Tsunami Warning Ot Ten.

I was pulled grudgingly from my sleep about 130 a.m. this morning by the pestering ring of my cell phone. In the states, I had frequent calls in the middle of the night – so often, in fact, that I just never answered them. Here, though, my phone rarely rings at all, let alone in the middle of the night. So, tempted as I was to “ignore,” I went ahead and picked up. I was disoriented enough that I didnt right away recognize my dad’s voice.
“In a few hours, you’re going to be hit by a Tsunami,” he said.
“No, no no, that doesn’t make any sense.”
“There was an earthquake, and it’s bad,” he insisted.
“The one in Japan? I know, that one has passed.”
“No, there was an earthquake in Chile and you’re going to get hit by a Tsunami. I just didn’t want you to be out riding your bike or something.”
“Dad, you must be mistaken. Chile is in South America.”
“Yes, I know, but the entire Pacific Ocean is on watch.”
“HOLD on…”
Exasperated, I stumbled out to my computer and turned on CNN. Sure enough, all hell was breaking loose in South America. And, just as dad said, a widespread Tsunami warning had been issued.
“Oh, no” I finally responded.
“No, it’s okay, you can go back to bed,” Dad says. “I just didnt want you out riding your bike without checking the news first.”
“OH SURE, DAD. I’ll totally just GO BACK TO BED.”
“You have time, don’t worry.”
So, I had to recheck the data. Sure enough, he was right.
What he meant by “in a few hours” was  “11 hours from now.” In my world, “in a few hours you’ll be hit by a Tsunami” means RUNNNNNNNNNNNNNN!!!! But luckily, I had plenty of time to pack, eat, and go back to sleep.
For the second time in six months I set about packing a bag and contemplating the seriousness of the word “evacuation.” I don’t know if you’ve ever had the word “evacuation” thrown at you in the middle of the night, but for this Northwest girl, it’s a pretty big deal. You see, in the PNW, we don’t have catastrophes. Or the ones we do have are pretty expected like flooding or ice storms. I certainly have never been told to “pack a bag and get to high ground” before this particular journey, that’s for sure.
The strangest thoughts were going my mind. First, I grabbed all my notebooks of writing. Looking around my apartment, I know that I can live without or replace nearly everything – but the writing…the writing can’t be left behind. Next to land in the suitcase was Mr. Peabody, my teddy bear. Now, I know what you’re thinking – a teddy bear?? But, honestly, I’ve had this bear since I was nine years old. He goes with me everywhere – acting as a pillow and a little piece of home. After the irreplaceables, I decided to get some necessities. The question was, though, what do you need in the event of a Tsunami? Having never lived through a major catastrophe, I was thinking either this island would be destroyed or it wouldn’t be hit at all. So, I grabbed the same things I would grab if I were leaving in a hurry for a weekend trip – a few clothes, a pair of shoes, my toothbrush, my cell phone and charger, and my passport.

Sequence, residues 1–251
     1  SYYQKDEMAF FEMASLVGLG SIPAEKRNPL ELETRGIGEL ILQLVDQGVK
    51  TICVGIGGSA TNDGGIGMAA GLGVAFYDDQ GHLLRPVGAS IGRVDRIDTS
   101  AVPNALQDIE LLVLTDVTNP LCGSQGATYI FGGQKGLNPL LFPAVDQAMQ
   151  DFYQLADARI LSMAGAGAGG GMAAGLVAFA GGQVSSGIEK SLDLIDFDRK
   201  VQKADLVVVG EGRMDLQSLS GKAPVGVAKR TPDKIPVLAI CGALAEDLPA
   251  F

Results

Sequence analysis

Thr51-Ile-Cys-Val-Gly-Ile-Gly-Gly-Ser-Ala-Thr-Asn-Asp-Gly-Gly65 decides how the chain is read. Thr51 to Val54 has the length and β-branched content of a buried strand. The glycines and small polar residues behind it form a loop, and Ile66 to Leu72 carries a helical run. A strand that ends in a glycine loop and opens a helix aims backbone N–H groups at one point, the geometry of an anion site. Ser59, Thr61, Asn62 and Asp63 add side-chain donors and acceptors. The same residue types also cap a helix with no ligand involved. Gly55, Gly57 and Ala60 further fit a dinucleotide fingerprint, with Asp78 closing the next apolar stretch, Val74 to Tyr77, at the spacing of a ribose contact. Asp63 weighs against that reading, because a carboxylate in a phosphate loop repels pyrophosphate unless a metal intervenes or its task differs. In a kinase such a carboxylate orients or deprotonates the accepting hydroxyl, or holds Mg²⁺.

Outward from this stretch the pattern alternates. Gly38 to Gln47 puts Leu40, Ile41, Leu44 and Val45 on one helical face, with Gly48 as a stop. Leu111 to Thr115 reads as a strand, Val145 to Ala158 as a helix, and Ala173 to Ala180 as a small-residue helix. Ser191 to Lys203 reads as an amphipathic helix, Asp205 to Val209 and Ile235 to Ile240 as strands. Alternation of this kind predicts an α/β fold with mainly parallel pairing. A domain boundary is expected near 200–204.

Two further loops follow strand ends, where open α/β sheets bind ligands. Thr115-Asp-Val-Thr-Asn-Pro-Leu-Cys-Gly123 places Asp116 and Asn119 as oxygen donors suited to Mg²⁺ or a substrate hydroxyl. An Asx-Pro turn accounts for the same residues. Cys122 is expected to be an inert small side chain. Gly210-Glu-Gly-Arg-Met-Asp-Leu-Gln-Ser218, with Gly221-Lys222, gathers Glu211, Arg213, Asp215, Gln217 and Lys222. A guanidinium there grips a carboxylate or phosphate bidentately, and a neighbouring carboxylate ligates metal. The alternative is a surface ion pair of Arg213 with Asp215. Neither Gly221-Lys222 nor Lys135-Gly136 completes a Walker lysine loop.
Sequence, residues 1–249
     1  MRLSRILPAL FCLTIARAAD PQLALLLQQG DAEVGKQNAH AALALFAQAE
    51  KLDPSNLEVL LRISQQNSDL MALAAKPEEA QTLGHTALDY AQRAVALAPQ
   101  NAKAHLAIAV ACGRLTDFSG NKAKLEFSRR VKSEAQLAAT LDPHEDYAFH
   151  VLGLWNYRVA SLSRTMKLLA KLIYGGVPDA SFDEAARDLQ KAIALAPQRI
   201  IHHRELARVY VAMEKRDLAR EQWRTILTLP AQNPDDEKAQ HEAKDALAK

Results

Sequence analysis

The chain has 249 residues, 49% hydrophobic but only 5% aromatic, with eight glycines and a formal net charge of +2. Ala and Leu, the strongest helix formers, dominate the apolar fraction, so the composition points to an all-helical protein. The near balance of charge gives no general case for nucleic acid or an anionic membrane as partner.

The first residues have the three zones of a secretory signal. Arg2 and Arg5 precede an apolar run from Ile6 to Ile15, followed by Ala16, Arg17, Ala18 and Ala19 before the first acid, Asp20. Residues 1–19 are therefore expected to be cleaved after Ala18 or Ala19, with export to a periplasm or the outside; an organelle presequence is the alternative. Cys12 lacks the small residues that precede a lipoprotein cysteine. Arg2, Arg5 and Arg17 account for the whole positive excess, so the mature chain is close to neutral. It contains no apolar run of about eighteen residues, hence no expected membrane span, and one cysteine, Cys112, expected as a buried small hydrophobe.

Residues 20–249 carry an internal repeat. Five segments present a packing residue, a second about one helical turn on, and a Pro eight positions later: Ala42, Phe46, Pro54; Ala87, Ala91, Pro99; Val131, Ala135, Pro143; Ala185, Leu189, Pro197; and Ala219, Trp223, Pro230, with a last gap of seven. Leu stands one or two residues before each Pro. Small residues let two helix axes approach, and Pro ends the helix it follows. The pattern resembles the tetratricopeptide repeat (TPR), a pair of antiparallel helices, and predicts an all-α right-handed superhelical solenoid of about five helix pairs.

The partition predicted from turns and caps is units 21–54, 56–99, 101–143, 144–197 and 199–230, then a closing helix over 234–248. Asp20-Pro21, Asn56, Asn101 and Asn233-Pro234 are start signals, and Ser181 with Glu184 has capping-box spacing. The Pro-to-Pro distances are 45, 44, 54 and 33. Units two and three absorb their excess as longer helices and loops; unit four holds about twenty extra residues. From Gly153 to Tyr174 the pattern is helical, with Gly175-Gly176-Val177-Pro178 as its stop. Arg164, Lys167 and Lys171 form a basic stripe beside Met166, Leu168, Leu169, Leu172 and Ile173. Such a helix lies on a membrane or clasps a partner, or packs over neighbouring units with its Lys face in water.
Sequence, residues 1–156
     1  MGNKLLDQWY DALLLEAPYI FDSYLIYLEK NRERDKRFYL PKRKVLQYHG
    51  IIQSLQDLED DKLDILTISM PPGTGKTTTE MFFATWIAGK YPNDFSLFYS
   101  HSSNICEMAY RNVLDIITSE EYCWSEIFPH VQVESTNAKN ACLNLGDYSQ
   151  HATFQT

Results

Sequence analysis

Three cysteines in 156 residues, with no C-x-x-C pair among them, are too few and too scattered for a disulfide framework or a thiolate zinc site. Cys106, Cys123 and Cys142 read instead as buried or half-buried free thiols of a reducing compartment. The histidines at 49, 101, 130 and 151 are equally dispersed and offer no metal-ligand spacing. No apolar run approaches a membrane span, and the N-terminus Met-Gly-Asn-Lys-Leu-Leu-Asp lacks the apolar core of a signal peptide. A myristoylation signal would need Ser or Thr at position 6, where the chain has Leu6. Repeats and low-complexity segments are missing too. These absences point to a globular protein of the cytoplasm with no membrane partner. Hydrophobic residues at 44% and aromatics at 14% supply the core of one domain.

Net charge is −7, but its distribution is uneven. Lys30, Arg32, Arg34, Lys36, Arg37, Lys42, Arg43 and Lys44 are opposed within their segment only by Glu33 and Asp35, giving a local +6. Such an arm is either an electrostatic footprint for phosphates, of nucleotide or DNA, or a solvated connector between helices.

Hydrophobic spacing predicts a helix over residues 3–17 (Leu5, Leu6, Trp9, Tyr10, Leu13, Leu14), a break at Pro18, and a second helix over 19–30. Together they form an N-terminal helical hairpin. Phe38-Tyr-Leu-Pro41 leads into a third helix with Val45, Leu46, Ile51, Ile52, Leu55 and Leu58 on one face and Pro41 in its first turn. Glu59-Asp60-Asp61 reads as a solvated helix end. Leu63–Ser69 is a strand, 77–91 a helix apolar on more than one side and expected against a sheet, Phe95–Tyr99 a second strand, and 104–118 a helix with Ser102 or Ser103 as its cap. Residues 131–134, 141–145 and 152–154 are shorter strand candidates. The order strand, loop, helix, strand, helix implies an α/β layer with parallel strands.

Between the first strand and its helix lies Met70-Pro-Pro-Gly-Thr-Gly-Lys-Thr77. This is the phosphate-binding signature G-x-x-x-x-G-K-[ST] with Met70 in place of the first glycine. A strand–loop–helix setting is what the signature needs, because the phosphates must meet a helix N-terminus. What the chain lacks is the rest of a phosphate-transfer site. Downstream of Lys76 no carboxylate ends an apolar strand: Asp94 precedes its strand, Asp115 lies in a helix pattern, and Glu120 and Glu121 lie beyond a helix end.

After my bags were packed and set by the door, I watched the news for a few minutes and decided to go back to bed after all. Surprisingly, I didn’t have any trouble getting back to sleep, but I awoke with that panic that you only get when you have forgotten something important – like a wedding or a death or christmas. Then I remembered – “oh yeah, tsunami.” So, I turned on the computer again only to be reassured that I did, in fact, have several hours before impending doom. I made coffee and waited as riveted as the rest of the world to the fate of Hawai’i. As a major event didn’t come to pass, I began to toggle between panic and calm. I was thinking “either it’s REALLY good or REALLY bad that Hawai’i didn’t get hit. With little else to do I began to rethink my packing. Maybe a carry-on suitcase and a back pack was over kill…maybe just a backpack and my writing. Can I do without Mr. Peabody? Do I really need sneakers too? I condensed my evac pack down to a shoulder bag and a back pack, and then I went back to my post at the computer. As I sat glued to the live feed of CNN and the chats boxes opening up from worried friends and family, I began to think “what if we really DO get hit by this thing…. maybe I should secure more of my belongings…”
Now, I live on the third floor of a concrete building. In all likelihood a major tsunami wouldn’t bring the building down. If anything, it would probably just flood. So, with all of the pictures of flood victims pouring through my mind, I thought “maybe I should just put all my clothes in my suitcases. That way, if the building does get damaged, at least all my clothes will be in one spot.” So, I scampered around my apartment grabbing clothes and putting them in my suitcases. I even decided Mr. Peabody could hang back. Then I realized if I was saving my clothes, maybe I should save my paperwork too. I grabbed the most random books possible and my file folder of bills, etc, and put them in plastic bags and shoved them into the suitcases too. It wasn’t easy lobbing those heavy things on top of my closet…but I managed. With nothing left worth saving, I returned to my couch to sit and wait.